John CarterReviewed By Peter Sobczynski
Posted 03/08/12 20:46:59
Edgar Rice Burroughs introduced the character of intergalactic swashbuckler John Carter exactly 100 years ago and it seems as though Hollywood has been trying to bring his adventures to the big screen ever since then. In 1931--six years before Walt Disney revolutionized the world of animation with the feature-length "Snow White and the Seven Dwarves"--animator Bob Clampett contacted Burroughs about doing a "John Carter" feature and, on Burroughs' recommendation, began work on a series of short cartoons that were eventually scuttled when exhibitors who viewed some of test footage decided that the premise of a man on Mars was too outlandish for audiences to handle. Since then, people ranging from Ray Harryhausen to Tom Cruise to Robert Rodriguez have struggled to bring the adventures of John Carter to the screen but with the single exception of an extra-cheap 2009 DTV version of the book "Princess of Mars" starring Antonio Sabato Jr. and Traci Lords, not a single one has come to fruition. Finally, after decades of false starts, John Carter has finally made it to the screen in "John Carter" and while one would think that this would be a time of celebration for fans of the classics of the sci-fi genre, it turns out to be the kind of cinematic gift that most people--be they hard-core fanboys or casual moviegoers--will want to return once they see how little a century of anticipation and over $250 million buys these days.The trouble begins right from the start as the film opens with a jumble of expository narration that is meant to set the scene but which will most likely confuse anyone not possessing a working knowledge of Burroughs' original works. From there, we go into middle of a firefight between two warring tribes of red-skinned Martians from the lands of Helium and Zondanga and that is interrupted by another group--the all-powerful, chrome-domed Therns (represented most of the time by Mark Strong) who offer a talisman of incredible power to vile Zodanga prince Sab Than (Dominic West) to help them destroy their enemies, mostly just for the hell of it. Just as we are sort of getting acclimated to all that, we are then suddenly zapped back to Earth circa 1881 in order to provide two separate introductions to John Carter (Taylor Kitsch), who we see first as a treasure hunter traveling the world in search of some unknown object and 13 years leader where he is a cavalry soldier who has left his post in order to search for a massive vein of gold in Arizona. This does not sit well with his commanding officer (Bryan Cranston) and John is thrown into prison, a move that allows him to have flashbacks of his tortured past and to break out of jail in a wacky manner. While on the run and trying to rescue his wounded commander (seems the escape led them straight into the path of Apaches), he inadvertently stumbles upon the gold but before he can do anything about it, he is attacked by someone who has seemingly materialized out of nowhere and in the process of killing the guy, he winds up getting zapped to some unknown world.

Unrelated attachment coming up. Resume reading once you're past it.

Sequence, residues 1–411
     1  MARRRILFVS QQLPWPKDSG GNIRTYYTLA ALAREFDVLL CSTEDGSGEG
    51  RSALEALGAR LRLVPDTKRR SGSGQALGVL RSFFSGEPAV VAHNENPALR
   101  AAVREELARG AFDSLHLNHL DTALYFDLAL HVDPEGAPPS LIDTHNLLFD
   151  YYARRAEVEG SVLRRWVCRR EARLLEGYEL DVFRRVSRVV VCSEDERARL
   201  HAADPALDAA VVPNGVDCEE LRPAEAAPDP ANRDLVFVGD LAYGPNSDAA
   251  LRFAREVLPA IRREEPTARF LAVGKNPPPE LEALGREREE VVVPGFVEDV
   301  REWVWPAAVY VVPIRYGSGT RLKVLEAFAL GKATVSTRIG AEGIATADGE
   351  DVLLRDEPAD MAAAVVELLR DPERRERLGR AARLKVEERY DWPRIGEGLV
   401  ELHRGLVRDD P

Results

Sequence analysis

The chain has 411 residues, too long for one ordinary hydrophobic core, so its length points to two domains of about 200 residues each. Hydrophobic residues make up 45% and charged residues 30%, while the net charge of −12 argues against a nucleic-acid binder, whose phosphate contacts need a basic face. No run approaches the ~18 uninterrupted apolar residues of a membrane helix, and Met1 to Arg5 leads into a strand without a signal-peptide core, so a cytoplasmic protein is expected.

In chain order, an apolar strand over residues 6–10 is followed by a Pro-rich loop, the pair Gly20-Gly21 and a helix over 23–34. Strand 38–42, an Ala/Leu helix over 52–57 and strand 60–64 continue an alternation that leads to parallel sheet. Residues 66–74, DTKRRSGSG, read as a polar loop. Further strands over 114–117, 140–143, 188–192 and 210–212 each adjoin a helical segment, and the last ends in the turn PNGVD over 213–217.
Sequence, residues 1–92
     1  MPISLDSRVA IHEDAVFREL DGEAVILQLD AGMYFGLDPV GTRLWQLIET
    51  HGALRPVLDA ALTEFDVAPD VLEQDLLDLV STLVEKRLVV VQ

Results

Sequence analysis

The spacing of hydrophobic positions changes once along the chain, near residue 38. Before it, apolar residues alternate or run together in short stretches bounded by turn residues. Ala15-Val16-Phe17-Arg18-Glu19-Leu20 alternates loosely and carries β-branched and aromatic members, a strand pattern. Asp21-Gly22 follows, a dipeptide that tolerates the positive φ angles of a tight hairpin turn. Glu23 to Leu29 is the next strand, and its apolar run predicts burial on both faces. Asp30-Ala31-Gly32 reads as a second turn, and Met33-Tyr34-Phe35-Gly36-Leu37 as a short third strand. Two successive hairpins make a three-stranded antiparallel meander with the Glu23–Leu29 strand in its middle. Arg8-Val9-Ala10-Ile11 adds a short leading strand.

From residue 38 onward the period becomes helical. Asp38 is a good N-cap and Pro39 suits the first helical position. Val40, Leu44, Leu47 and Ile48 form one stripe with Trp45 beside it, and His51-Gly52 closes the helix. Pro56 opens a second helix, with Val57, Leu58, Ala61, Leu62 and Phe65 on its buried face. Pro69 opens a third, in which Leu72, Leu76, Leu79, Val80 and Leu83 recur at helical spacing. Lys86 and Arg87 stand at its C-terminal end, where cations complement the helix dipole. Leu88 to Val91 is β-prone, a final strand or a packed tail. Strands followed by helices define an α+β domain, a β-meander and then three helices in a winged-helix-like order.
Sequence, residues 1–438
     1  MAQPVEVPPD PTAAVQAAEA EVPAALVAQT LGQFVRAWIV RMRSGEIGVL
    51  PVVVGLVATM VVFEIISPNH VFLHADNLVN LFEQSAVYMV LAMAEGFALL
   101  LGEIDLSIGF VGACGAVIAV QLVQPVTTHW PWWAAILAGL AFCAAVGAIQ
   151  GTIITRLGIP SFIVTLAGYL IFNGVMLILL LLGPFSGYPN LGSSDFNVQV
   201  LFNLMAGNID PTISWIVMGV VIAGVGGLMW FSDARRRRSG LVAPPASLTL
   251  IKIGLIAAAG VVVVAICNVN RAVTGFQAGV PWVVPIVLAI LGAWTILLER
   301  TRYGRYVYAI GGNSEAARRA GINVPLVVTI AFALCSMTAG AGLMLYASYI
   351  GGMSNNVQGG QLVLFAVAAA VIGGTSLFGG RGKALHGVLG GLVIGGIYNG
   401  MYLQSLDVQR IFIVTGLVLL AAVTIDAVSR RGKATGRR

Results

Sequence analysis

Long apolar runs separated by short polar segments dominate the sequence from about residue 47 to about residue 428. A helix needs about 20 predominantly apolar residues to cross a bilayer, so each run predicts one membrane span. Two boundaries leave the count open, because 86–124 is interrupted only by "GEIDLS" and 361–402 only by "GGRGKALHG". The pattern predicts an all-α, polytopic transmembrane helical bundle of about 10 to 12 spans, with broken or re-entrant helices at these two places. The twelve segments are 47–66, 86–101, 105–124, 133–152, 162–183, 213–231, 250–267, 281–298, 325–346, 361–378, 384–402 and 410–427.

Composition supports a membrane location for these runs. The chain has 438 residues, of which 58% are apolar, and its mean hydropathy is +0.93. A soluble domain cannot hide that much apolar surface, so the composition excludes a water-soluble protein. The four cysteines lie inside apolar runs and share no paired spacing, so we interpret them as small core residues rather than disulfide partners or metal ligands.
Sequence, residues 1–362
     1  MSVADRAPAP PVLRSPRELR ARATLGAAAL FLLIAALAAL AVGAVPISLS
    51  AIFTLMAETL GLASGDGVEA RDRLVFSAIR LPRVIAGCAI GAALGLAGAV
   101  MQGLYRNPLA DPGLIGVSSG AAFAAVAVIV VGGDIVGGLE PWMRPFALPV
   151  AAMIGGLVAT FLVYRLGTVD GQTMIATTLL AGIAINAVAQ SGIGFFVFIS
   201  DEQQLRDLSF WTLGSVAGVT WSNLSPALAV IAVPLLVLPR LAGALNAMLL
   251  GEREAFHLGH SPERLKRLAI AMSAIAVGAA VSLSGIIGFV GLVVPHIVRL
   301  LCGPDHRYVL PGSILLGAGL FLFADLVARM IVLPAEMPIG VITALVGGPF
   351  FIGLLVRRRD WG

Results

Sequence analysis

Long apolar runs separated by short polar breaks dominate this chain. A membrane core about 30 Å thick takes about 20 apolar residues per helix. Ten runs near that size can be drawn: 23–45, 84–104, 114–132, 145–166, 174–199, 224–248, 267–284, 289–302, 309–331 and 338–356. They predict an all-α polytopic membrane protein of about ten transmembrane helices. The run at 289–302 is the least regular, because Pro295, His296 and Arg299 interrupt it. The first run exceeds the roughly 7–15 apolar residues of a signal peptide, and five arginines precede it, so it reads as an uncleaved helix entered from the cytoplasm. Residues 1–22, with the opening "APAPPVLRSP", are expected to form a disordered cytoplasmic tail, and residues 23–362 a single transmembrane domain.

That unknown world is, of course, Mars, or Barsoom, as it is known here, and while our stranger in a strange land is trying to get used to his new circumstances (the atmosphere allows him to breathe but is sufficiently skewed so as to allow him to bounce wildly through the air with a single step), he is captured by yet another race of Barsooms, this time a group of 9-foot-tall creatures with six limbs known as Tharks and led by the vaguely noble Tars Tarkas (voiced by Willem Dafoe) and occasionally subverted by the headstrong Sola (voiced by Samantha Morton). Once the Tharks get a load of John's astounding powers, Tars wants him to fight alongside them but John wants nothing to do with anything other than getting home. Things inevitably change when he rescues the lovely Dejah Thoris (Lynn Collins), princess of Helium, when she tries to escape a marriage to Sab Than arranged by here father (Ciaran Hinds) as a last-ditch effort to save Helium and bring peace to Barsoom. Dejah, by the way, is supposed to be a brilliant scientist but once the guys in the audience get a load of her skimpy outfit, any thoughts of her will not be centered on her intellect although those thoughts may well include the words "Helium" and "Barsoom," albeit in a different context. Anyway, with the help of his powers, Dejah, Sola and an incredibly loyal giant alien dog that takes a shine to him, John Carter tries to unite the Tharks and Helium to join together in battle against the Zodangas in order to save all of Barsoom from destruction before an epilogue that practically screams "last-minute reshoot."